This is the exact scenario I see walk through my gym doors day in, day out. It is deeply upsetting watching someone go through this frustrating cycle, and that is why I am asking you to please, ditch the diet! 

Instead build a healthy relationship with food! Ensure you are including a balance of carbohydrates, fats and proteins in your diet. Don’t focus on ‘low fat’ or ‘low carb’ supermarket scams, instead read the back of the packet and look at the ‘nutrition per 100g’ section, opting for the lower calorie option. Keep the foods you enjoy in your diet in moderation. As a rough guide I suggest between 180-250kcal of your daily calories should come from fun foods, such as chocolate or crisps. If on average, you are eating healthier foods than you were previously, and you are more active than you were previously, your body will reflect those results in time. Be patient, remember how long it took you as a child to learn how to tie your laces? Well your diet is like that, its difficult to learn at first and you may need some help along the way but eventually its second nature to you.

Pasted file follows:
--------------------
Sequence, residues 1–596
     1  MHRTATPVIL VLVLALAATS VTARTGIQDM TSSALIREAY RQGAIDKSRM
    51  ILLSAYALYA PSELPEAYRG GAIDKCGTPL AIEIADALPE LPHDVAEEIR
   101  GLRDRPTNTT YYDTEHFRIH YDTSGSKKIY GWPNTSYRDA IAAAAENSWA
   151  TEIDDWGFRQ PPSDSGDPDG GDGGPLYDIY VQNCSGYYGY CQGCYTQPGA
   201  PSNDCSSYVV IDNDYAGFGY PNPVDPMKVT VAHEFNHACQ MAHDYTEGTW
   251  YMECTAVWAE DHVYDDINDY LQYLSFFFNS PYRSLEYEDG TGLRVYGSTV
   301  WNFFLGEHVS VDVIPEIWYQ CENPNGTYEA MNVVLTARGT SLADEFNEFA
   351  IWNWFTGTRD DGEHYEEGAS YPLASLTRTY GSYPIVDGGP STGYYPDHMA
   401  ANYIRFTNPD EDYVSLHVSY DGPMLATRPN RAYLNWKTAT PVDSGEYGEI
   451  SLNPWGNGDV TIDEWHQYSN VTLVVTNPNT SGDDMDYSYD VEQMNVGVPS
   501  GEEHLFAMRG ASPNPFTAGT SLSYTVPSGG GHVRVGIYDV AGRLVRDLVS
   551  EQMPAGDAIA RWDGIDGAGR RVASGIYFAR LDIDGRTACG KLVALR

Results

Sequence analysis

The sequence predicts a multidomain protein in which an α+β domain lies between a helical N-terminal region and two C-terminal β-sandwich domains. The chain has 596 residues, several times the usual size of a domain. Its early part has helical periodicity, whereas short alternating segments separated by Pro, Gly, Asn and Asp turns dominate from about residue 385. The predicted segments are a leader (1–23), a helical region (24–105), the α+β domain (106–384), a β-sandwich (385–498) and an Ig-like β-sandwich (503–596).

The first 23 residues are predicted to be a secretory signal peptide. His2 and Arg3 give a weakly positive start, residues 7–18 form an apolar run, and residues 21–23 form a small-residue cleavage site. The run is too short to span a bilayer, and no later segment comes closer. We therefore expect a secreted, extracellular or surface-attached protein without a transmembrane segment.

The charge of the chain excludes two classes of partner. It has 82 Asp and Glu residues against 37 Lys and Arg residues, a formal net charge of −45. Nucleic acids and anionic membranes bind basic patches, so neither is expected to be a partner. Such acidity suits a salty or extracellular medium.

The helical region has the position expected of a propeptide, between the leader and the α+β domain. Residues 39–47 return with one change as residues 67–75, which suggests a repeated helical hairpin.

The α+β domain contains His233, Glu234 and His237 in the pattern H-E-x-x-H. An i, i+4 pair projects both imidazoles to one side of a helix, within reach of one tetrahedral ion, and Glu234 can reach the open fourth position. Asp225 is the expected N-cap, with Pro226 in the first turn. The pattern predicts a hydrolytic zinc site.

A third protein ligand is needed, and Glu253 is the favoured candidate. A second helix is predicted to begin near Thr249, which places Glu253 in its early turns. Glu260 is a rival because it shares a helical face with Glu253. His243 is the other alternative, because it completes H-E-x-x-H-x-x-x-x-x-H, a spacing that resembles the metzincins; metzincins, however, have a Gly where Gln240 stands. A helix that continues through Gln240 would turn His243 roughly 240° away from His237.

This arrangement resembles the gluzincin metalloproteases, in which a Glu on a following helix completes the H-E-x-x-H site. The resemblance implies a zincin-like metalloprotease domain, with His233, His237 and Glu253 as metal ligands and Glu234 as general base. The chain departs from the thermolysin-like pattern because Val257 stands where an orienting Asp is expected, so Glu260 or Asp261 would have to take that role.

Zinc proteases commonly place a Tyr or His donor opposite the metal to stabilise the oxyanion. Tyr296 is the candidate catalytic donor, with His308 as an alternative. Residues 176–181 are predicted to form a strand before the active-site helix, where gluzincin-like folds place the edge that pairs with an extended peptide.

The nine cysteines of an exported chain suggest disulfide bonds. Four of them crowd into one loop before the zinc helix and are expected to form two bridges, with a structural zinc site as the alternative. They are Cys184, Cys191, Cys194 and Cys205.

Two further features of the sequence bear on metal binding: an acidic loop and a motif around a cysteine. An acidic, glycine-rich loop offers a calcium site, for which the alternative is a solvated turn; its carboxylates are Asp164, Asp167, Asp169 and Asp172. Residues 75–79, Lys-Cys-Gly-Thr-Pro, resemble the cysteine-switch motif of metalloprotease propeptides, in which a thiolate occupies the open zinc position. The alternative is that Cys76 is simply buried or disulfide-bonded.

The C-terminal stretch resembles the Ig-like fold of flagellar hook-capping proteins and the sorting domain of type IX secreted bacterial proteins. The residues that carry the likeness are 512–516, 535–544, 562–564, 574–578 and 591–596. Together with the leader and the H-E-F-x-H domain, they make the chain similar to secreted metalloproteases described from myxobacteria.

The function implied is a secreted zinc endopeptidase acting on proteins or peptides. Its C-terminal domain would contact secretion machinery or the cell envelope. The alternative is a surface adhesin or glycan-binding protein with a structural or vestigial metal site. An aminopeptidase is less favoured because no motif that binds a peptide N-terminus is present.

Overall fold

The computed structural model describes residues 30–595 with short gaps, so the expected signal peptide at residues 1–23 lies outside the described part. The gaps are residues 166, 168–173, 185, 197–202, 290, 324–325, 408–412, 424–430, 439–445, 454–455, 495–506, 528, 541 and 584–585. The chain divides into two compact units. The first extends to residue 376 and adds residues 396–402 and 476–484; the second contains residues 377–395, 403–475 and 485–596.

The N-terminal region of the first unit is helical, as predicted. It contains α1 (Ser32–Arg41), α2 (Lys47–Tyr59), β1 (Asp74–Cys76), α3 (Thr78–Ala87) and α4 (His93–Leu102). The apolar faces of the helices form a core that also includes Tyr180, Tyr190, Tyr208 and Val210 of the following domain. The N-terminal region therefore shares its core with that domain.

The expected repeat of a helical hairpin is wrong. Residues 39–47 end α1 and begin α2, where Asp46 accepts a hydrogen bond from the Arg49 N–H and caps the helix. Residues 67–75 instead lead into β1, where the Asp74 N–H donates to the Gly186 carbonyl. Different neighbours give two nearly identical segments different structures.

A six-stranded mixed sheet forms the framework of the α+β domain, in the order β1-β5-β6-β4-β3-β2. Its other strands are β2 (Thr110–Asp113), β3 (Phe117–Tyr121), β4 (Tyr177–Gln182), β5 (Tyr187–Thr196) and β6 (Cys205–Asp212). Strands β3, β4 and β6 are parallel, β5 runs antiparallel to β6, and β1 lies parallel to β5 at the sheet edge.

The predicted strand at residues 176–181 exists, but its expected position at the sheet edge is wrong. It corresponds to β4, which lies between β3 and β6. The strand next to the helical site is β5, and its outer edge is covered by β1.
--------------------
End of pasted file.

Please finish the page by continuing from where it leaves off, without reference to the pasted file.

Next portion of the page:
Eating a balanced diet and dropping bodyfat is easy, sustaining your fat loss is the hard part.

Keep an eye out for part two of ‘Ditch the Diet’ where I teach you how to drop the bodyfat and keep it off!